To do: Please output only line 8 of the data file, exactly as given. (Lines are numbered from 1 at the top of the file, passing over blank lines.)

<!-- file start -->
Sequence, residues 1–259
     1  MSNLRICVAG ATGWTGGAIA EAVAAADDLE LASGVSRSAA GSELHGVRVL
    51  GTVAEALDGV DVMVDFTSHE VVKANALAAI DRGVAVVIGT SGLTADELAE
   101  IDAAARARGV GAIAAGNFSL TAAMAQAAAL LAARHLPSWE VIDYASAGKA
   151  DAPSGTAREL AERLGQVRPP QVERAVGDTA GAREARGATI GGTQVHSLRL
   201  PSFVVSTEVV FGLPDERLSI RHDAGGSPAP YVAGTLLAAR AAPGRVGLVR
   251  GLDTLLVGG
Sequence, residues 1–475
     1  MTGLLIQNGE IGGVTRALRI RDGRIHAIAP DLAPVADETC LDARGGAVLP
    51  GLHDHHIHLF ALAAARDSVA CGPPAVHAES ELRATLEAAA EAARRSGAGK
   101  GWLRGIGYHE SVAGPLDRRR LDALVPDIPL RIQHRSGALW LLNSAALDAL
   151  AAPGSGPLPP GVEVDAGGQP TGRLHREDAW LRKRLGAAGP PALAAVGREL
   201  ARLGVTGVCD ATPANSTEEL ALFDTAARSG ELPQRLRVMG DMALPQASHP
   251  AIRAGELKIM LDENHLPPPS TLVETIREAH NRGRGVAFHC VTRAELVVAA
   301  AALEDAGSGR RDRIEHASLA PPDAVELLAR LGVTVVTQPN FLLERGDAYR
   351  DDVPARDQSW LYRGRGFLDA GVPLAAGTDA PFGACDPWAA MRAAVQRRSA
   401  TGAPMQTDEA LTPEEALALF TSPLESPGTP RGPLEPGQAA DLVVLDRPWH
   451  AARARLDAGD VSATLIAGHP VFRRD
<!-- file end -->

Sequence, residues 1–475